Upon completion of the chapter, the reader will be able to:
Explain the underlying causes of sickle cell disease (SCD) and their relationship to patient signs and symptoms.
Identify the typical characteristics of SCD as well as symptoms that indicate complicated disease.
Identify the desired therapeutic outcomes for patients with SCD.
Recommend appropriate pharmacotherapy and nonpharmacotherapy interventions for patients with SCD.
Recognize when chronic maintenance therapy is indicated for a patient with SCD.
Describe the components of a monitoring plan to assess effectiveness and adverse effects of pharmacotherapy for SCD.
Educate patients about the disease state, appropriate therapy, and drug therapy required for effective treatment and prevention of complications.
“Sickle cell syndrome” refers to a collection of autosomal recessive genetic disorders that are characterized by the presence of at least one sickle hemoglobin (HbS) gene.1,2
Sickle cell disease (SCD) is a chronic illness that is associated with frequent crisis episodes. Acute complications are unpredictable and potentially fatal. Common symptoms include excruciating musculoskeletal pain, life-threatening pneumonia-like illness, cerebrovascular accidents, and splenic and renal dysfunction.2 As the disease progresses, patients may develop organ damage from the combination of hemolysis and infarction. Because of the complexity and severity of SCD, it is imperative that patients have access to comprehensive care with providers who have a good understanding of the countless clinical presentations and the management options of this disorder.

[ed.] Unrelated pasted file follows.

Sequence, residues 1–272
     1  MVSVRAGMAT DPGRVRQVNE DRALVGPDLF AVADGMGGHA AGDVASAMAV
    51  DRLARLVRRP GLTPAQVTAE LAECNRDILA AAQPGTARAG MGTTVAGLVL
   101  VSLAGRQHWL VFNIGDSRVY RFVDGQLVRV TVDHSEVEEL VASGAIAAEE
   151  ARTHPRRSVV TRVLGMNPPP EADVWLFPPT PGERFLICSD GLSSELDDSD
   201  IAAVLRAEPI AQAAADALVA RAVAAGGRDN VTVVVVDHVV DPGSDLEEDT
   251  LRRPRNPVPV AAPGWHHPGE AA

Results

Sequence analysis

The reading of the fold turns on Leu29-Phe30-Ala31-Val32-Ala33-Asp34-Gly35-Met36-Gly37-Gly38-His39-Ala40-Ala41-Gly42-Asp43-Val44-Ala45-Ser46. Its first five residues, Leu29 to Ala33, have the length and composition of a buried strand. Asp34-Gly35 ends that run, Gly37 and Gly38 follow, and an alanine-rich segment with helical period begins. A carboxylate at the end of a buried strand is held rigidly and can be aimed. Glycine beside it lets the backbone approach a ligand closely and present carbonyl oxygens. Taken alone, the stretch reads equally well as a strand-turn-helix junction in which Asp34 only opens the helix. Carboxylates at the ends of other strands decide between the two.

EPIDEMIOLOGY AND ETIOLOGY
Sickle cell trait (SCT) is the heterozygous form (HbAS) of SCD in which a person inherits one normal adult hemoglobin (HbA) gene and one sickle hemoglobin (HbS) gene. These individuals are carriers of the SCT and are usually asymptomatic.2 About 1 in 13 African American babies is born with SCT.3 Symptomatic disease is seen in homozygous and compound heterozygous genotypes of SCD. Sickle cell anemia (SCA) is the homozygous (HbSS) state of SCD.2 It is the most common and severe form of SCD. SCD affects both males and females equally because it is not a sex-linked disease.
Around 100,000 Americans have SCD and it occurs in approximately 1 out of every 365 African American births.3 HbSS (∼75%) is the most common genotype, followed by HbSC (∼18%), HbSβ+-thalassemia (∼5%), and HbSβ0-thalassemia (∼2%). Other variants account for fewer than 1% of patients.2,4 For every infant diagnosed with SCD, 50 are identified as carriers.4
Having the HbS gene protects heterozygous carriers from succumbing to Plasmodium falciparum (malaria) infection.1 The microorganism cannot parasitize abnormal red blood cells (RBCs) as easily as normal RBCs. Consequently, persons with heterozygous sickle gene (SCT) have a selective advantage in tropical regions where malaria is endemic.
The highest incidence of SCD is seen in those with African heritage, ...